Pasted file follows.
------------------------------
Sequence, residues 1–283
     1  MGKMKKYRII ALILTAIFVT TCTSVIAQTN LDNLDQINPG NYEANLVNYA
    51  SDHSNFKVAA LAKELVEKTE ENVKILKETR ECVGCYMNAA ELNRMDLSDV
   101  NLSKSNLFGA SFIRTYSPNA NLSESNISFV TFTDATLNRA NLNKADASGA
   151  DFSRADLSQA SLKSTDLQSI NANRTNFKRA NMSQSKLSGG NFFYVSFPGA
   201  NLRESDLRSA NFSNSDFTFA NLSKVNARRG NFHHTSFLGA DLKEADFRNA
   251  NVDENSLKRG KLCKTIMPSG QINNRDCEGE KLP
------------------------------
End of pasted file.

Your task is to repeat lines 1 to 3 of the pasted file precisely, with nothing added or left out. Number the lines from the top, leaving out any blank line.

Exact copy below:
Sequence, residues 1–283
     1  MGKMKKYRII ALILTAIFVT TCTSVIAQTN LDNLDQINPG NYEANLVNYA
    51  SDHSNFKVAA LAKELVEKTE ENVKILKETR ECVGCYMNAA ELNRMDLSDV